These Scriptures are taken as authoritative guides because Christians are persuaded that it is integral to God’s mode of working for human renewal to speak to his human creatures.  In the Bible we find an authoritative record of some of what God said to ancient persons and peoples; and by way of those ancient words we hear God speaking to us today.  True, God’s speech to us today is not confined to the Bible, but what he says there is the touchstone, the criterion, for what he says to us in other modes and manners.  Convinced of this, the Christian community acknowledges the Bible as authoritative for life and thought.  Of course the Bible does not offer specific counsel for every concrete situation that we face.  It gives guidelines, paradigm situations, advice by way of example.  Essential to maturing in faith is learning how to get from that to one’s own concrete situation.  (Wolterstorff 1980, p12)


It is important to note that as with integral mission where you can’t separate the spiritual from the physical, then you shouldn’t be able to separate the spiritual disciplines from the professional disciplines you engage in during your course of work.  The two are inseparable.  The daily work of the people forming a Christian organization, their everyday routine, should be deep-rooted in Scripture and conducted in an attitude of prayer and worship, listening to God and obeying.   There should be no “spiritual” side of activities and a “professional” side, things that are inseparable don’t have sides.  You can’t opt out of the professional disciplines or the spiritual disciplines, because you don’t feel capable or don’t have the time, or aren’t inclined that way.  When things are integral, you don’t have options.  Thus with a telephone call, a conversation, a strategy planning meeting, an email; all things will embrace the physical and spiritual and God will be there, at the centre.  And when an organization acknowledges that God is there at the centre, guiding all physical and spiritual actions in a seamless way then the credit and glory will go to the One where credit and glory are due.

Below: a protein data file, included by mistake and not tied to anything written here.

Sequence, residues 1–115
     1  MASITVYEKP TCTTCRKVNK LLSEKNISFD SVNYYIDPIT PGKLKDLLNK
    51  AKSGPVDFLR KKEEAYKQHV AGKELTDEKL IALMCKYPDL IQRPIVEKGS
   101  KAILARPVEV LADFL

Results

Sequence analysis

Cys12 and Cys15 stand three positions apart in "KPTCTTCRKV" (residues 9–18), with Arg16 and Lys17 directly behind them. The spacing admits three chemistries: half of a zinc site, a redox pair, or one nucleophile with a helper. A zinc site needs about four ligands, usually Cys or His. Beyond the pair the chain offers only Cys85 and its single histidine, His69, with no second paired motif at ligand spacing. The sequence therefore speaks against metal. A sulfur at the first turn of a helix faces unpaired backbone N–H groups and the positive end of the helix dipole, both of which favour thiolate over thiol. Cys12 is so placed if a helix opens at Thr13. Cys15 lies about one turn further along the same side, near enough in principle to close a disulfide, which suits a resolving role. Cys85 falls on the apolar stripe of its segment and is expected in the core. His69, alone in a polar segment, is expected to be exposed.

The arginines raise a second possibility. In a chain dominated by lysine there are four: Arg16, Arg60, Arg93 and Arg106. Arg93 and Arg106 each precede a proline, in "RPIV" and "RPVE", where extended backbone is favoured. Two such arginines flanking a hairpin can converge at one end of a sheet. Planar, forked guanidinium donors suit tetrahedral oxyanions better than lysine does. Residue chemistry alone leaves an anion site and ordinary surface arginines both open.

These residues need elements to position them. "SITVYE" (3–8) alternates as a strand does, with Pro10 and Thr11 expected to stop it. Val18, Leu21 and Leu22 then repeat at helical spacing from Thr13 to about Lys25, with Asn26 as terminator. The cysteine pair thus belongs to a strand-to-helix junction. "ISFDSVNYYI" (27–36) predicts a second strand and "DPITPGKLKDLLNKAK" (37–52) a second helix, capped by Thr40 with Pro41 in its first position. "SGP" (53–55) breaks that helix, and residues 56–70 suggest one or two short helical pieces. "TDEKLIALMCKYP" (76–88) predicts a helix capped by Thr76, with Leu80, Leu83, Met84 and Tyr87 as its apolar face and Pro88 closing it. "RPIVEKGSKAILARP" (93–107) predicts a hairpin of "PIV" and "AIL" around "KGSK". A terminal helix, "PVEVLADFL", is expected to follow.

God aims to exalt himself by working for those who wait on him.  Prayer is the essential activity of waiting for God: acknowledging our helplessness and his power, calling upon him for help, seeking his counsel.  (Piper 1986, p140)